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How to Support, Not Enable Your Addicted Loved One

By Jack Gilbert, LCSW, Director of Clinical Services at Clarity Way

It can be devastating to watch a loved one struggle with addiction. It’s painful and personal and brings feelings of helplessness, anger, fear and hurt. You want to do everything in your power to help them get well, but when it comes to addiction, there’s a fine line between helping and enabling your loved one.

Why You Can’t ‘Love’ an Addict Into Sobriety

Though your intentions are in the right place, some of the ways you may think you’re helping your loved one could actually be keeping them stuck in their addiction. Many of us try to “love” the addict well. We think if we can just give them what they ask for and prove our love for them they’ll stop abusing drugs or alcohol. We think we’re helping them by giving them money, paying their bills, giving them a place to live, helping them get out of various “jams” and other well-intentioned efforts.

The truth is, if you could “love” your loved one well, they’d be well.  A tough reality to accept is that all of the energy you’re putting into trying to protect them and “loving them sober,” could be doing more harm than good. Often, it’s not until addicts feel the repercussions of their behaviors and really understand how they’re impacting their loved ones that they are motivated to get well. Think about it. If someone is always around to clean up your messes, why would you be motivated to change? Studies have shown that people are usually motivated to stop abusing substances when the negatives of their addiction outweigh the positives.

Healthy Ways to Help Your Addicted Loved One

Though it might be difficult, there’s something to be said for “tough love.” By setting boundaries and holding your loved one accountable for their actions, you’re helping them — and yourself.  Here are some ways to set healthy boundaries with your loved one:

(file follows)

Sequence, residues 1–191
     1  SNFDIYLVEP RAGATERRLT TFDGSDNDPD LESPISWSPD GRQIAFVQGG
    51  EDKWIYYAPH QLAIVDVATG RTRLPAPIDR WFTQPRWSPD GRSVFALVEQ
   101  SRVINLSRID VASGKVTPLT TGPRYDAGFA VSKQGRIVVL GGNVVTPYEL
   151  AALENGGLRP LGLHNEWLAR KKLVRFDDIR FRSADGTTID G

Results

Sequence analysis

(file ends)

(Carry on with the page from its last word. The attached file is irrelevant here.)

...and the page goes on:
Don’t Make Excuses for Them — If your loved one misses work, school or personal obligations, don’t make excuses for them. They need to address the questions and consequences that result from these absences.  If they don’t feel the unpleasant outcomes that result from their drug or alcohol use, why would they want to stop their behavior?

Set Boundaries, and Keep Them — Set firm, healthy boundaries and maintain them. Decide for yourself which of your loved one’s behaviors are unacceptable. Examples of boundaries commonly set include not allowing them in the house when they’re using, not paying their bills or loaning them money, not allowing them to disrespect you or other family members, and not bailing them out if they get into financial or legal trouble. It’s useful to write these down and have your loved one read and sign the document (when they are sober). Don’t waiver in your boundaries. If you go back on the rules you’ve set, it will take longer to gain any ground you’ve made.

Help Yourself — Addiction is a disease of the family and everyone must recover in their own way.  A big part of this is getting help and support for yourself so you can help and support your loved one. Seek out support groups created for loved ones of addicted individuals such as Nar-Anon, Al-Anon, Parents of Addicted Loved Ones (PAL) and Adult Children of Alcoholics. You may also consider seeing a mental health counselor who can help you sort out the complex emotions that come with loving an addict. Additionally, don’t let self-care practices fall by the wayside. Exercise, yoga, proper nutrition, and activities and hobbies that give you pleasure can do wonders for your mental and physical health.

Be Vocal About Your Support — Holding healthy boundaries doesn’t mean that you shouldn’t be emphatic about your support for your loved one. Let them know that you love them and want to help them get better. Let them know that the boundaries you are holding are because of your love for them and your hope that they’ll take action to get better.  If they’re actively trying to get sober, some of the ways you can show your support are by driving them to treatment, participating in treatment as requested by their clinicians, visiting them, and working with their treatment team.


Posted on April 18th, 2017 in Addiction, Blog


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